Though I saw it all around
Never thought I could be affected
Thought that we'd be the last to go
It is so strange the way things turn

Sunday, August 1, 2010

One of the reasons I don't watch much TV.

So, because I was bored and there was nothing else on I saw an episode of Top Shot on the History Channel. This was the episode with the long bows and crossbows.

Okay, so I'm sure there's a bunch of editing and selection of the photo shoots that drive the story, but really, what a bunch of whiny little girls. Yeah, competitive bullcrap abounds, but the whole "WTF is this with bows, I just, blah blah blah." Really smarty pants, then get your asses out there on the line and practice until the sun goes down instead of sitting in the house and bitchin' about how it's such an unfair requirement.

Really, I'm in a skills competition and I'm not on the line throwing lead (or wood as the case may be) down range until I can barely see? Is there some rule that prevents them from practicing? Eating is something you do when your hands hurt and you need a break (or you start shaking from either protein or glucose deficiency).

And they perpetuated a myth. And that myth is that the crossbow was more advanced on the field. It wasn't. The yew bow (aka English Long Bow) was. Now, they did it right that combat long bows had 150-200lb draw weights. You typical current era long bow has a 40lb draw weight, and hunting compound bows have a 60lb draw weight.

Crossbows are very old weapons, having seen service in the Greek Army and were a way of balancing the power of the composite bow and the ability to aim it. And while the long bow is just as old, the advent of the yew bow was a late arrival on the battlefield and slightly post-dates the arrival of the metal composite crossbow. No matter what, the crossbow was only just a strong short bow. The determining factor was that the yew bow was just as powerful at close range (yes, the yew bow would put a steel-tipped shaft through platemail, knight, and pierce the back of the mail at close range), twice as effective at a medium distance, and had a long range of 300-500 yards, which the crossbow couldn't match. Also, a skilled crossbowman could shoot 5-8 quirils in a minute and required extensive training. This is why in the middle ages most crossbowman were mercenaries. The long bow, on the other hand, could put 15 shafts per minute down range and didn't require the extreme training (although English Law required yeoman to train so many times per year), and were also able to use their short swords and pikes.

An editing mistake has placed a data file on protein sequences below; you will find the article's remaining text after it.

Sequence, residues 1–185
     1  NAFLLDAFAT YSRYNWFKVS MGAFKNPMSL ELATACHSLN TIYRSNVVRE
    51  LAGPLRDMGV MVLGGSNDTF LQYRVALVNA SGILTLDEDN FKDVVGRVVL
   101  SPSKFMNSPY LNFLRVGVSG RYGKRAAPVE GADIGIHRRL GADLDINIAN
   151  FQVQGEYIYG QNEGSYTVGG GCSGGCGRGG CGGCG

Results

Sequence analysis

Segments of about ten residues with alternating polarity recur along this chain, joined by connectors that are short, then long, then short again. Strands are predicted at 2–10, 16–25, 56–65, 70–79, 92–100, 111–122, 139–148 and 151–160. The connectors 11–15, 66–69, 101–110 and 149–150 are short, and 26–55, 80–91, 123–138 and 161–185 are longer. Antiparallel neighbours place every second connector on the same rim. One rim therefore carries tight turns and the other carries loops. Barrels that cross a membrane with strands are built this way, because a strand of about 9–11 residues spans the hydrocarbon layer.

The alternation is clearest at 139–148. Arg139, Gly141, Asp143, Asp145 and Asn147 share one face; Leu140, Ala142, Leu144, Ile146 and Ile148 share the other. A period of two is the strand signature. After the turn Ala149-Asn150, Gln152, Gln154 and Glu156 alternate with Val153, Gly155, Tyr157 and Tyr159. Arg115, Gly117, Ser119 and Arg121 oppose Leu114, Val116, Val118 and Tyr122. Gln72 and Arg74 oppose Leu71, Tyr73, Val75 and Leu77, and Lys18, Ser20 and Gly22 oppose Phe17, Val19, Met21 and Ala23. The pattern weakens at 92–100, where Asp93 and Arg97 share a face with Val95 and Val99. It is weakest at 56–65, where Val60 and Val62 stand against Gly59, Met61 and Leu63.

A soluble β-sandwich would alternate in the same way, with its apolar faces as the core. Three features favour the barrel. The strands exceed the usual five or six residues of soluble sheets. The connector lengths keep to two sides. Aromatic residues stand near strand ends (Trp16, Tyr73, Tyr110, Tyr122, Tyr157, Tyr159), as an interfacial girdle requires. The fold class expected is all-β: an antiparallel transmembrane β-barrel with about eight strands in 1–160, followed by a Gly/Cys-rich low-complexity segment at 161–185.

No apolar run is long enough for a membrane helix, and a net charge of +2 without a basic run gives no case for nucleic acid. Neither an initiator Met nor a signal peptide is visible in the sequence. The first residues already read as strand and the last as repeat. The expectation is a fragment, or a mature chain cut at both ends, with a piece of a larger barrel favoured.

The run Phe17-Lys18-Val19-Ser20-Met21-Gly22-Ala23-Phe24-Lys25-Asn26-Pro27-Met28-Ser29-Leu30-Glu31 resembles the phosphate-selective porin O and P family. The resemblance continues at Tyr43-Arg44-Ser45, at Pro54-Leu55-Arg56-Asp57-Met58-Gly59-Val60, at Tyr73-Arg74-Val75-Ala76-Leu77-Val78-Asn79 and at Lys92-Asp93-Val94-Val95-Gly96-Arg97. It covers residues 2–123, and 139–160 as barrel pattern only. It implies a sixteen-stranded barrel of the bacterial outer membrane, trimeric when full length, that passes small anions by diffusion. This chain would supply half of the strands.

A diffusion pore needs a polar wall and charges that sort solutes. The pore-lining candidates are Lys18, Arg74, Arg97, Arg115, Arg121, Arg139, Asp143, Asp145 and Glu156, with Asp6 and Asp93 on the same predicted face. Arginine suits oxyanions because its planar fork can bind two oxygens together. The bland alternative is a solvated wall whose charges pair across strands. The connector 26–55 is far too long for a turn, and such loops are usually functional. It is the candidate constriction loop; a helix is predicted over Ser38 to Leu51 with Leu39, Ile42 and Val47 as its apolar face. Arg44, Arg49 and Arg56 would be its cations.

The yew bow gained prominence in the 100 Years War (late 14th century) and most importantly gave Henry V his victory at Agincourt. Well, that and the French losing their minds and feeling over confident by outnumbering the English 5 to 1 (in mounted knights). Then French brought 1,500 crossbowman to the field (Italian mercenaries). While most accounts of the battle talk about how the French longbowman and crossbowman were shuffled to the back, what is less well known is the Italian Mercenaries quit the field in the onslaught of the English Yew Bowman in the forest of Tramecourt.

While the crossbow became the template that was used to integrate man-portable firearms into battle, it was the competition of the long bow that caused firearm adoption